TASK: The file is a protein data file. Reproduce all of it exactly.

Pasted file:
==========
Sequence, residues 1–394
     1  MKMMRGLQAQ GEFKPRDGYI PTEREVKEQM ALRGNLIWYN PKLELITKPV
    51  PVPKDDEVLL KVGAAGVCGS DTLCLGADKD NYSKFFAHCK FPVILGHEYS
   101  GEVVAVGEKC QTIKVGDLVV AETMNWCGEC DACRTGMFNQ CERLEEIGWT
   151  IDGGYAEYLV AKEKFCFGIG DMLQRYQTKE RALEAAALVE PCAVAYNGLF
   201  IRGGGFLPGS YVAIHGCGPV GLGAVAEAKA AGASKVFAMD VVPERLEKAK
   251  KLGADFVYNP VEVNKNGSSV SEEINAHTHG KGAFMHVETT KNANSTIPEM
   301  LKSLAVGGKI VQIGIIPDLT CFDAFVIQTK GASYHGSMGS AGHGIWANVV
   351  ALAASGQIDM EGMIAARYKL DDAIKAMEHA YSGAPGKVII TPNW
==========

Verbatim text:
Sequence, residues 1–394
     1  MKMMRGLQAQ GEFKPRDGYI PTEREVKEQM ALRGNLIWYN PKLELITKPV
    51  PVPKDDEVLL KVGAAGVCGS DTLCLGADKD NYSKFFAHCK FPVILGHEYS
   101  GEVVAVGEKC QTIKVGDLVV AETMNWCGEC DACRTGMFNQ CERLEEIGWT
   151  IDGGYAEYLV AKEKFCFGIG DMLQRYQTKE RALEAAALVE PCAVAYNGLF
   201  IRGGGFLPGS YVAIHGCGPV GLGAVAEAKA AGASKVFAMD VVPERLEKAK
   251  KLGADFVYNP VEVNKNGSSV SEEINAHTHG KGAFMHVETT KNANSTIPEM
   301  LKSLAVGGKI VQIGIIPDLT CFDAFVIQTK GASYHGSMGS AGHGIWANVV
   351  ALAASGQIDM EGMIAARYKL DDAIKAMEHA YSGAPGKVII TPNW